Marino, like Barletta, was a big winner in the remap, though his district was more heavily Republican to start with. Little-known businessman Phil Scollo is the Democratic nominee. Barring something unexpected, this contest may not even last much longer in the “minimally vulnerable” category.

Previous rank: 10.

10. Joseph Pitts (R, 16th district).

This mid-range GOP-leaning seat is more likely to become competitive once Pitts, 72, retires. The Democrats’ one hope – and it’s a stretch for now – is a surge of women voters opposed to Pitts’ strong stance against abortion, combined with a generalized anti-incumbent wave. Army veteran and software consultant Aryanna Strader, the Democratic nominee, may have a future, but don’t bet on her for 2012.

Previous rank: 12.

Not vulnerable

11. Open seat (Tim Holden, D, 17th district).

Holden was a moderate-to-conservative lawmaker in what used to be a moderate-to-conservative district. Then redistricting made his seat more strongly Democratic and Cartwright easily defeated him in the primary. Leading Democrats quickly closed ranks around the winner, which should remove any doubts about the district’s leanings in November.

Previous rank: 11.

12. Open seat (Todd Platts, R, 4th district).

Platts’ decision not to seek another term led to a seven-way GOP primary in this solid Republican seat. State Rep. Scott Perry won a clear majority and should have no trouble in the fall.

Previous rank: not ranked.

13 (tie). Bob Brady (D, 1st district). Previous rank: not ranked.
13 (tie). Chaka Fattah (D, 2nd district). Previous rank: not ranked.
13 (tie). Glenn Thompson (R, 5th district). Previous rank: not ranked.
13 (tie). Bill Shuster (R, 9th district). Previous rank: 9.
13 (tie). Allyson Schwartz (D, 13th district). Previous rank: not ranked.
13 (tie). Mike Doyle (D, 14th district). Previous rank: not ranked.

5 Responses

  1. Don’t under-estimate Stilp. He will attract Republican votes in the southern half of the district where Lou Barletta is an unknown.

  2. Calling Fitzpatrick vulnerable to a Feminist Radical like Boockvar shows how out of touch the author and his sources are. He couldn’t of asked for a more ideal opponent. Thanks to Obama, Pelosi and Murphy this district is looking very red.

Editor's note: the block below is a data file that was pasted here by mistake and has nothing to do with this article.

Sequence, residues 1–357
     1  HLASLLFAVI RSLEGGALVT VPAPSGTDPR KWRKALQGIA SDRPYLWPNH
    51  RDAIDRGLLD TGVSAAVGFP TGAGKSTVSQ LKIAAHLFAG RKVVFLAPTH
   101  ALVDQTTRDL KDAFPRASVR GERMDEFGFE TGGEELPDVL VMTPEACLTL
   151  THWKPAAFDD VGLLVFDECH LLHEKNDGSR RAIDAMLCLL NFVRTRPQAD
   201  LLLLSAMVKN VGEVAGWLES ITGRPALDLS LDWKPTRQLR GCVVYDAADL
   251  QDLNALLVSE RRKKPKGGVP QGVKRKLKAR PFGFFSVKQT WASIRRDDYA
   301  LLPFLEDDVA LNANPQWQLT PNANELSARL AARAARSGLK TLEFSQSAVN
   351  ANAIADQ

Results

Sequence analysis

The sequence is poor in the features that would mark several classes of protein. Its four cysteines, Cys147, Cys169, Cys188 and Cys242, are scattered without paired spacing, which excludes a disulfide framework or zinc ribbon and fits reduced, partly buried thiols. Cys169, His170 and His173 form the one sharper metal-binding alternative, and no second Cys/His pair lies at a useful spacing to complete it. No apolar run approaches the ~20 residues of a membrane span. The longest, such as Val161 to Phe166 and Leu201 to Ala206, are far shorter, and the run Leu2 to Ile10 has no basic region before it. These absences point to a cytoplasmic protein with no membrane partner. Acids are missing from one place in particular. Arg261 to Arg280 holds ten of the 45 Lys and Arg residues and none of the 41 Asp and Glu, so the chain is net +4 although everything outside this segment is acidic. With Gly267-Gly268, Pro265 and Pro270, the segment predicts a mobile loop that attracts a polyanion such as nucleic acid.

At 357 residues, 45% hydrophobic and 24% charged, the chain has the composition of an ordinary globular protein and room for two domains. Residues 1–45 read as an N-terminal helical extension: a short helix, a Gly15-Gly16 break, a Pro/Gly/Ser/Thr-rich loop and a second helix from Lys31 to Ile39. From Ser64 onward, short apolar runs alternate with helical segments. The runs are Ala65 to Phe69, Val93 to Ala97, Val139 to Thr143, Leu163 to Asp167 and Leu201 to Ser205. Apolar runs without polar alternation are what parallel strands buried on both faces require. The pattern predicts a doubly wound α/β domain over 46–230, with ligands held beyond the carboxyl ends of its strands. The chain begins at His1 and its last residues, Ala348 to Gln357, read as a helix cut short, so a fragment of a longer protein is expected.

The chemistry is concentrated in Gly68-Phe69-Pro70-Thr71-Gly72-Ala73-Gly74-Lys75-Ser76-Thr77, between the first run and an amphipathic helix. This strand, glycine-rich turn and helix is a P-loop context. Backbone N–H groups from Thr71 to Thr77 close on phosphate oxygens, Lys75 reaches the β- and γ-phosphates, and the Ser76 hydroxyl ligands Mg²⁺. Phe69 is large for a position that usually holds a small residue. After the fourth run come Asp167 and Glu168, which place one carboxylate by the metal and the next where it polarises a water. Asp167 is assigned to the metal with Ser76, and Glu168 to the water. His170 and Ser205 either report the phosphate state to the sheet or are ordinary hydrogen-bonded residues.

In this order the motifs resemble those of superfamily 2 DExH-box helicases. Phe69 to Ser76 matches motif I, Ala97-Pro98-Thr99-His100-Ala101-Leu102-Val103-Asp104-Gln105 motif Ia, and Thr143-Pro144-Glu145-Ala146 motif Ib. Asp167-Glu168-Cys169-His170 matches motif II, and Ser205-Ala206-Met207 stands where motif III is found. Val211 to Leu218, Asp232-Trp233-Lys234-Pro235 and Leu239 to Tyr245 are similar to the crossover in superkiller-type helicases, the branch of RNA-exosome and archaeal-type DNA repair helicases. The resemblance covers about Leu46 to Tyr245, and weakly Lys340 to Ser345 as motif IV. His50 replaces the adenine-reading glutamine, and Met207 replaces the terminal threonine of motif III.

3. Boockvar is a “radical.” That’s why the voters of Pennsylvania, including those in Bucks, repudiated her in her attempt to become a judge. In Bucks we like moderates. That’s why we like Mike Fitzpatrick. Boockvar is too extreme for Bucks County.

  4. I have to disagree with you on your analysis of Kieth Rothfus. Saying that he is a “less-than-first-tier candidate” based off his not winning in the 2010 General ignores the facts of the race. 1) Rothfus defeated more established Republican candidates in the primary, due by-and-large to his excellent grassroots support and volunteer organization. 2) The national party did not help Rothfus out AT ALL in the general election, because the assumption was that Altmire was going to win by a wide margin. The NRCC did not put a dime into that race. The fact that Rothfus was able to get 49 percent in a moderate district, against a moderate incumbent, with no outside help, reliant completely on his own efforts is nothing if not impressive, even in a good Republican year. I doubt the national party will repeat their mistake this year.

  5. Jackson Eaton was a Republican until November.

    I wouldn’t characterize his defeat in the Democratic primary as a “setback”.

    Disclosure: I helped Daughtery defeat Eaton.